A fancy turkey dinner, with many traditional dishes
Last year at this time I did a post about Thanksgiving, a holiday that's unfortunately all too often buried beneath an armload of newspaper advertising supplements for Black Friday, one of the biggest retail shopping days of the year.
My thoughts on the holiday and what I think it ought to represent aren't much different today than they were a year ago, other than they've aged and (hopefully) mellowed a bit more.
Here again is the piece from one of my all-time favorite columnists, Jon Carroll. To my way of thinking it neatly ties the whole bundle up with a bow, and has become part of my annual tradition; a somewhat calm port before the storm of The Holidays officially begins. I hope it means something to you, too.
Happy Thanksgiving, everyone.
A Song of Thanks; A Grat Etude
by Jon Carroll, copyright held by the San Francisco Chronicle
Thanksgiving has always been my favorite holiday. It is comfortably free of the strident religious and/or militaristic overtones that give the other holidays their soft emanations of uneasiness.
At Christmas, for instance, we are required to deal with the divinity of Jesus -- I know some of you folks have made up your minds about that one, but not me -- and on the Fourth of July we must wrestle with the question of whether all those simulated aerial bombardments represent the most useful form of nationalism available.
At Thanksgiving, all we have to worry about is whether we can wholeheartedly support (a) roasted turkey, (b) friends and (c) gratitude. My opinions on these matters are unambiguous; I am in favor of them all. I understand that there's another story attached to Thanksgiving, all about a meal that may not have happened at all and certainly didn't happen on the fourth Thursday of November.
The implication of the school-pageant version of Thanksgiving is that everything was just swell between the Pilgrims and the Indians. That's not true, and things got a lot worse before they got marginally better. But Thanksgiving isn't about that -- it's a harvest festival. We can attach some dopey Squanto-give-corn narrative to it, but it's really about how once more the earth has been fruitful and all the crops are safely in the barn. Thus, for me, the thrill of Thanksgiving is undiminished by caveats, codicils or carps. That alone is something to be thankful for.
Thanksgiving provides a formal context in which to consider the instances of kindness that have enlightened our lives, the moments of grace that have gotten us through when all seemed lost. These are fine and sentimental subjects for contemplation.
First, there are the public personalities, artists and entertainers and philosophers, who have been there when they were needed, whether they knew it or not. Let us think kind thoughts about Nancy Pelosi and Helen Mirren, Barbara Lee and Frank Gore, Al Gore and David Milch, David Simon and Mikhail Baryshnikov, Tom Stoppard and Keith Olbermann, Jennifer Egan and Peter Carey, Van Morrison and Clarence Fountain, Don Asmussen and Judith Martin, Duncan Black and Joshua Micah Marshall, Dan Savage and Masi Oka -- this is my partial list; feel free to create your own.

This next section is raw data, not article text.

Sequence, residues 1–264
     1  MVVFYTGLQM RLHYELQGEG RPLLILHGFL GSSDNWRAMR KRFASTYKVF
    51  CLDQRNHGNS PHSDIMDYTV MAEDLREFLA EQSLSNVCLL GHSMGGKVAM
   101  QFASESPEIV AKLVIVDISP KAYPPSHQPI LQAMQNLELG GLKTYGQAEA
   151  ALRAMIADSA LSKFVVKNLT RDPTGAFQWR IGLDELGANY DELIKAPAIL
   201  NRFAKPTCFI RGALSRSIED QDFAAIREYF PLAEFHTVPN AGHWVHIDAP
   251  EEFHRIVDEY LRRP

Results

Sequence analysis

And the teachers, the men and women who took the time to fire a passion for the abstract, to give us each a visceral sense of the continuity of history and the adventure of the future. Our society seems determined to denigrate its teachers -- at its peril, and at ours. This is their day as well.
Even closer. Companions. We all learned about good sex from somebody, and that person deserves a moment. Somebody taught us some hard lesson of life, told us something for our own good, and that willingness to risk conflict for friendship is worth a pause this day. And somebody sat with us through one long night, and listened to our crazy talk and turned it toward sanity; that person has earned this moment too.
And a moment for old friends now estranged, victims of the flux of alliances and changing perceptions. There was something there once, and that something is worth honoring as well.
Our parents, of course, and our children; our grandparents and our grandchildren. We are caught in the dance of life with them and, however tedious that dance can sometimes seem, it is the music of our lives. To deny it is to deny our heritage and our legacy.
And thanks, too, for all the past Thanksgivings, and for all the people we shared them with. Thanks for the time the turkey fell on the floor during the carving process; for the time Uncle Benny was persuaded to sing "Peg o' My Heart"; for the time two strangers fell in love, and two lovers fell asleep, in front of the fire, even before the pumpkin pie.
And the final bead on the string is for this very Thanksgiving, this particular Thursday, and the people with whom we will be sharing it. Whoever they are and whatever the circumstances that have brought us together, we will today be celebrating with them the gift of life and the persistence of charity in a world that seems bent on ending one and denying the other.
Thanks. A lot.